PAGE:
Local food cupboards play a vital role in ensuring that individuals and families have access to nutritious food. By providing free or low-cost food, food cupboards can alleviate the financial burden on those who struggle to put food on their table. Another thing local food cupboards can offer is knowledge of the local community and their unique food needs. Having a local team ensures the cupboard can accommodate the varying dietary needs of a community including Kosher, vegetarian, and gluten free options. They can also make connections with other community organizations, specifically the local school district, to ensure the food cupboard is meeting students’ needs that could include snacks or other programs that address food insecurity.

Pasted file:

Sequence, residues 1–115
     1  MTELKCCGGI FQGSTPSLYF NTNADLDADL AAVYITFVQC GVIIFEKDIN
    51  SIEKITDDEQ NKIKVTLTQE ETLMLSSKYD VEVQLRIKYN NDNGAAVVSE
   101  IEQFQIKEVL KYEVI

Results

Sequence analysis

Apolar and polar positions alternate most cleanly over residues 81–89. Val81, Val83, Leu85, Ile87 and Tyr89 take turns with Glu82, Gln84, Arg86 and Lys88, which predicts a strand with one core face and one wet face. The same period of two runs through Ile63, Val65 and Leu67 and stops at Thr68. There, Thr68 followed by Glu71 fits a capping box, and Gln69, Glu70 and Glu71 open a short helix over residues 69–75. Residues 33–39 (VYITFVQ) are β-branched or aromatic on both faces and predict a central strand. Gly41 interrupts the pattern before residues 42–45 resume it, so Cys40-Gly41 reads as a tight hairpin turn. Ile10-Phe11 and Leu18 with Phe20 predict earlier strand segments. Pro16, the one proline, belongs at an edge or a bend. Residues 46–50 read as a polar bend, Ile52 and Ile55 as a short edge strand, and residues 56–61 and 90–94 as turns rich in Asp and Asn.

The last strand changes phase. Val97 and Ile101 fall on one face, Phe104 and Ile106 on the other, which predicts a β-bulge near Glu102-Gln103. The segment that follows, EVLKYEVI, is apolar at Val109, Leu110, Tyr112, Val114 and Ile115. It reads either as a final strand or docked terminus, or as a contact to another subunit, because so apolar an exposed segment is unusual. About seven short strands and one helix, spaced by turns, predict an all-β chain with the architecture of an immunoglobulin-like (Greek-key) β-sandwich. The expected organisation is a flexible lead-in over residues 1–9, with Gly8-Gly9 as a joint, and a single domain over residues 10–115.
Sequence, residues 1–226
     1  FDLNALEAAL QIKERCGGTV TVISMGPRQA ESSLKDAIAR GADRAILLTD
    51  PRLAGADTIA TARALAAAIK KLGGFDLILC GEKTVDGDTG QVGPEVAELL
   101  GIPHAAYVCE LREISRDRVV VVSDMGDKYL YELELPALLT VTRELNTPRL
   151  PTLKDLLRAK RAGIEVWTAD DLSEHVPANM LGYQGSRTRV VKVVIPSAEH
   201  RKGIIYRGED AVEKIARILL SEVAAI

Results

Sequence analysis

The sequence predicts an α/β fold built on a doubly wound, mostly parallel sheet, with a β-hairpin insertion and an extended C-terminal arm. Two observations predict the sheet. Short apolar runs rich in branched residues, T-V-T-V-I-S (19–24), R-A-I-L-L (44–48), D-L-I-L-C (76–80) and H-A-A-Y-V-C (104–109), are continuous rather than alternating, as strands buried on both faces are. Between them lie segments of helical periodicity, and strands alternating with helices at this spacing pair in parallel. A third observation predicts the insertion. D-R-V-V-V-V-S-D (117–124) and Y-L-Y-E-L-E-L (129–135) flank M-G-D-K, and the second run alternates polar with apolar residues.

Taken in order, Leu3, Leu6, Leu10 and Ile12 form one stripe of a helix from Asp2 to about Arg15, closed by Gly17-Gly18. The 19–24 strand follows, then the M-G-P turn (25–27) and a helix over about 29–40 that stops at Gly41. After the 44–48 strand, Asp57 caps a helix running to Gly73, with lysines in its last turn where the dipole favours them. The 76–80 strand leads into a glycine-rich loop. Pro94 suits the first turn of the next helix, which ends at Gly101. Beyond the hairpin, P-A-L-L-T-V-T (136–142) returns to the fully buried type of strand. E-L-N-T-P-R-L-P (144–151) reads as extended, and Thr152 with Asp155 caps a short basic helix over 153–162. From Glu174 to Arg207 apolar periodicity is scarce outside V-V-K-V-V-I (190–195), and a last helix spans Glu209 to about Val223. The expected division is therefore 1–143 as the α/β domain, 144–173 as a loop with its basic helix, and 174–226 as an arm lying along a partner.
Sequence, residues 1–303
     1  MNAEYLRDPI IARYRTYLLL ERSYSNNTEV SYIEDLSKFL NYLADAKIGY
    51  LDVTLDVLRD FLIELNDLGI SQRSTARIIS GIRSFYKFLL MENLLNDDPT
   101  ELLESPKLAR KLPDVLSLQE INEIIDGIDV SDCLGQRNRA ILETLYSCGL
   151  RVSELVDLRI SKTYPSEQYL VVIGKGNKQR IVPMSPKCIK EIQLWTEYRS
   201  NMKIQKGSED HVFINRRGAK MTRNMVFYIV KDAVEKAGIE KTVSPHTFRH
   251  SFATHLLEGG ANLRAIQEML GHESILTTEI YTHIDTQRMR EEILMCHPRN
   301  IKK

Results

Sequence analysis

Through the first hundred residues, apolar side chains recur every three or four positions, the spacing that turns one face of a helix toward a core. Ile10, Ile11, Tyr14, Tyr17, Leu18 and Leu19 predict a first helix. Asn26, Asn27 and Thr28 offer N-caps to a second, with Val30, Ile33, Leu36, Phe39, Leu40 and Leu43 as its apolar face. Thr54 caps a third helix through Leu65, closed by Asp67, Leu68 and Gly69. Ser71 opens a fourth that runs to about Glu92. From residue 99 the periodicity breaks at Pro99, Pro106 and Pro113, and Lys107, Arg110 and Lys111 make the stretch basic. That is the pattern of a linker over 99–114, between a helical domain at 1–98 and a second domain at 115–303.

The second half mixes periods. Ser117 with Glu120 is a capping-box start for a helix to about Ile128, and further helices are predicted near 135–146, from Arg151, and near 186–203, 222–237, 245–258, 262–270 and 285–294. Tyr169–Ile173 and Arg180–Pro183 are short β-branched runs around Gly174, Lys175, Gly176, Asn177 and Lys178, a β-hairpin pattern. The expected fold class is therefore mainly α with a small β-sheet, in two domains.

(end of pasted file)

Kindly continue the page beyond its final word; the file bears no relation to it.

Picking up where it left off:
Food cupboards operate on a donation-based model, where individuals and businesses donate food, money, and other resources to support the organization’s efforts. Volunteers then sort and distribute the donated items to those in need. One of the most important aspects of a food cupboard is the people who work and volunteer there. Volunteers are crucial to ensuring the smooth operation of the organization. They help sort donations, stock shelves, and distribute food to those who need it. Without volunteers, it would be impossible to provide this critical service to our community.